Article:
UK-based soul and reggae artist Liam Bailey is on the cusp of releasing new music for the first time in four years. His upcoming single, “You Saw the Devil in Me” is a highly-anticipated follow up to his critically-acclaimed debut album Definitely Now, which was released in the U.S. in 2014 via Flying Buddha/Sony. The vulnerable, introspective track is slated to drop on June 29 and serves as a preview of more upcoming releases.
The renowned Nottingham, England native singer-songwriter credits R & B legends Michael Jackson and Stevie Wonder as two of his early musical influences. Awestruck by their talent, Bailey studied them when he was younger and would sing in the shower while his parents told him to be quiet, as the idea of forging a music career seemed much more like a dream than any kind of viable future reality back then.
Bailey persisted in his musical endeavors and gained a lot of attention in 2010 after releasing two solo EPs via Amy Winehouse’s Lioness Records. The vibrant home recordings (created on Bailey’s laptop) 2am Rough Tracks and So Down, Cold showcased his soulful, gospel and reggae-influenced vocals and eclectic, genre-crossing style. Winehouse was impressed with the collections and told a skeptical Bailey “people need to hear them.”
In 2011 Bailey teamed with award-winning British duo Chase & Status to co-write and perform on their UK Dance Chart-topping collaboration, “Blind Faith.” His debut album, Definitely Now, was produced by Salaam Remi (who is known for working with Winehouse) and features a colorful blend of soul, reggae and blistering blues-rock guitar that bears hints of Jimi Hendrix on “Villain.” Ruminating tracks like “On My Mind” show off Bailey’s bluesy side, for which he has frequently been compared to legendary singers Otis Redding and Sam Cooke.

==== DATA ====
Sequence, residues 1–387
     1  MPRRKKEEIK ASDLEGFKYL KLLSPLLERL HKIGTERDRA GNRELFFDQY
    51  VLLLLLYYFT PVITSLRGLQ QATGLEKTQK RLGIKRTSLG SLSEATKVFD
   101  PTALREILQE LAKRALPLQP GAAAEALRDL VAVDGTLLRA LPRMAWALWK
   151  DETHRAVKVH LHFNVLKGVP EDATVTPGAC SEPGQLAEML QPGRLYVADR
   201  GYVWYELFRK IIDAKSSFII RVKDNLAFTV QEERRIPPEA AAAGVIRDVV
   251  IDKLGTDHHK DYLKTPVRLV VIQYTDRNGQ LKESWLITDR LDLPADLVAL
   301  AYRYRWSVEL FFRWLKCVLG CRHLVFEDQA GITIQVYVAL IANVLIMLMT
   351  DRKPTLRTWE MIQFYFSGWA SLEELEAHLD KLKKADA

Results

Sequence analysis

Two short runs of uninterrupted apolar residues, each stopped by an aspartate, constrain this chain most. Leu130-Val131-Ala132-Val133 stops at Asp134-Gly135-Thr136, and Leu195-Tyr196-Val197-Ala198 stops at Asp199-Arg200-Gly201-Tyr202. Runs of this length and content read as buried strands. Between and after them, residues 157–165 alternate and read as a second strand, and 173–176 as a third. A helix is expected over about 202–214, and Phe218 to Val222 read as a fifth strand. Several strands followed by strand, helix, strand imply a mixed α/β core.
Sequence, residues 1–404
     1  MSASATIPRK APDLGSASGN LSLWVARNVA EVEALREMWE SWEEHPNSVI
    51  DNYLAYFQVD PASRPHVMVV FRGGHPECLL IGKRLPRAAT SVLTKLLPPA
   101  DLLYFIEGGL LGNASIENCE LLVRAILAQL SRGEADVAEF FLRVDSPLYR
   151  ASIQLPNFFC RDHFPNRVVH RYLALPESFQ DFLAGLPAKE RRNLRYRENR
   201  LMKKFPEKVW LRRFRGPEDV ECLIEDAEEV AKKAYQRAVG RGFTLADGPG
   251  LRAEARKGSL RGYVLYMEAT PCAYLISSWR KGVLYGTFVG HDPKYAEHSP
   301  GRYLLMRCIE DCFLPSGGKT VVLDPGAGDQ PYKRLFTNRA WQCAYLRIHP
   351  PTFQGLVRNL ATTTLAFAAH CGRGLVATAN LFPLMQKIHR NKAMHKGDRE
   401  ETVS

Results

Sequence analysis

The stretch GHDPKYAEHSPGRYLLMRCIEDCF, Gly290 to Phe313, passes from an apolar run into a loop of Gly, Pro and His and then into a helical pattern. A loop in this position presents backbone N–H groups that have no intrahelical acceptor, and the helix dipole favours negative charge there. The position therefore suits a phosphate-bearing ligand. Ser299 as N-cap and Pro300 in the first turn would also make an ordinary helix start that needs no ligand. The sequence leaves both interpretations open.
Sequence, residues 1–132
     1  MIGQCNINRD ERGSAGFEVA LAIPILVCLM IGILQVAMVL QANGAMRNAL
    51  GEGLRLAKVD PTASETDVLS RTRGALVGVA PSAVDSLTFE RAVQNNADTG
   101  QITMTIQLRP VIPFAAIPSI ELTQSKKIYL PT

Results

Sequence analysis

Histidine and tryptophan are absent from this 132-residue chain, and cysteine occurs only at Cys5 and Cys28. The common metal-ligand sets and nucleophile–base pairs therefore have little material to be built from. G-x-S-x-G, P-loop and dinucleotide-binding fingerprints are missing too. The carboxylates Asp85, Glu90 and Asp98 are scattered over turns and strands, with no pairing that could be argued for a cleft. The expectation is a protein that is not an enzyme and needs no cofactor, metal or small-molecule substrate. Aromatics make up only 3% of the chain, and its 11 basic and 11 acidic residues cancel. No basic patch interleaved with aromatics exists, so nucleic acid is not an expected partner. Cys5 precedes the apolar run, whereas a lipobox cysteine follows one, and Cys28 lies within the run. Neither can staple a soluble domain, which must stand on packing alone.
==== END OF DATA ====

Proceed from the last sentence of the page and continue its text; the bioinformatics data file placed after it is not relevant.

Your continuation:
Overall, Liam Bailey’s songs are brimming with soulful emotion and often tell stories which are meant to inspire. Now he’s back, flexing his seemingly effortless vocal muscles with new songs as he prepares to support his friend Paloma Faith’s massive UK tour, as well as Chase & Status at several upcoming festival dates including SW4 on Aug. 26.
Bailey recently took time out from his busy schedule to discuss his connections with Amy Winehouse and Paloma Faith, his upcoming tour dates, and “exciting” new music (which is due out at the end of June) in the following AXS exclusive Q & A interview.
AXS: You’ve been compared to legendary artists like Otis Redding and Sam Cooke. What does that kind of comparison mean to you, as an artist? And, can you tell us which artists influenced your eclectic musical style as you were breaking into the industry?
Liam Bailey: As an artist, it’s obviously a compliment, but I also find it awkward. I wouldn’t see myself in the same league as someone like Otis Redding or Sam Cooke. However, when it comes to being real and projecting my thoughts in music, I’d like to think my passions match. I remember being influenced by Jimi Hendrix, Oasis and many, many others. I appreciate any artist that delivers honest rock n roll, blues and soul music. It doesn’t matter which genre, as long as it’s honest, I’m into it.
AXS: What are some of the biggest challenges you faced in the early days and what inspired you to keep pushing forward in the rough patches?
LB: I think the biggest challenge I faced was trying to get noticed in Nottingham. The labels didn’t notice people here, and the stigma of moving to London was never a huge appeal to me. I was inspired by self-belief, working at jobs and in places that I didn’t want to be, and trying to find the way out to do something that makes me happy.
AXS: Amy Winehouse signed you to her label for two of your solo EPs. What was it like working with her? What was the best piece of advice she gave you during your time together?